Cops on planes
I'm no LEO, but was asked a question today that I just know you have the answer to. I looked it up and got conflicting answers: what does it take for a LEO to carry on a plane? I assume feds are above any regs. I also see that LE can carry after filing "proper paperwork" with the airline ("your papers are in order" makes me realize how draconian we've become). Is there a distinction between state/county/city cops? What about transporting fugitives? What about detention deputies? What about off-duty? What about mall ninjas? Thanks in advance.
I've seen a cop carry on a plane one time and he was transporting a prisoner. I've read that LEOs have to take a course regarding the Laws and regs of carrying a firearm on a plane. I'm pretty sure you have to have a legit reason to need to carry a firearm on your person while flying. Not sure what would be a good reason to. I have had a few friends who are county LEOs who were doing an investigation that took them out of state. They had to lock up their weapons and carrying them in the checked baggage because there was no reason to have them on their person when flying. I've taken all the requirements for a military person to fly on a plane however I have never had to do it. I had a 2 day course on the law and concealed carry and such, along with how to submit all the paperwork for authorization to fly armed. On the military side it is such a huge pain I don't ever want to do it.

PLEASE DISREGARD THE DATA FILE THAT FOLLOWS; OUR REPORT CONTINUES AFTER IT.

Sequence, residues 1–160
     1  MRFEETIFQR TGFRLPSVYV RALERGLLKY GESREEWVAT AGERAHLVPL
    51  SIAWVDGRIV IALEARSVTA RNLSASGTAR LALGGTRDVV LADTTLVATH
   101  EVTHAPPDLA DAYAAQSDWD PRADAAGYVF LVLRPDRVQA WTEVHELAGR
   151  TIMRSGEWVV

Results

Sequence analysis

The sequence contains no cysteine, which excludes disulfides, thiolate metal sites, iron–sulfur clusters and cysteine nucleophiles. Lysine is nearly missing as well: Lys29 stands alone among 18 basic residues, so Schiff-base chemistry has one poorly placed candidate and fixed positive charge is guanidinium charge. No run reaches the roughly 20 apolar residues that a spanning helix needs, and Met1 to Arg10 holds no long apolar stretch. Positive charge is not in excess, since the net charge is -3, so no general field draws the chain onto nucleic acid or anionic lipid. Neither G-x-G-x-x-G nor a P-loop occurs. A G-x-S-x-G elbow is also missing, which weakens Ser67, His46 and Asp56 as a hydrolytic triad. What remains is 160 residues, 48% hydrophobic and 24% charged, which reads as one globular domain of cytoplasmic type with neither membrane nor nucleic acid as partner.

I can think of 3,000 reasons. Imagine armed passengers on 9/11.
Originally Posted by skysoldier29
You have to go through the LEO Flying Armed class and be traveling on official business. Your dept has to arrange clearance for you ahead of time. Federal LE is exempt from the hoops.
Having gone through some of the process to apply as a Federal LEO, I did a little research.
Basically, there are two reasons you can carry on a plane.
1) you have a reason to be armed on the flight. This can include things like prisoner transport, security (service like Air Marshals), etc.
2) you have a reason to be armed immediately on de-boarding the plane. Presumably this would entail not having time to get to your checked baggage, or not bringing any. Federal LEOs who are on duty at their destination, or will be conducting official business during the flight fall into this category.
You have to be certified, I don't remember what that includes, if I ever knew it. Obviously you must present verifiable identification as an LEO, and have the proper orders and paperwork.
A friend of mine is USSS, and when flying with family on personal business, he can carry on commercial flights....he files paperwork through his office, but it generally is a non-issue.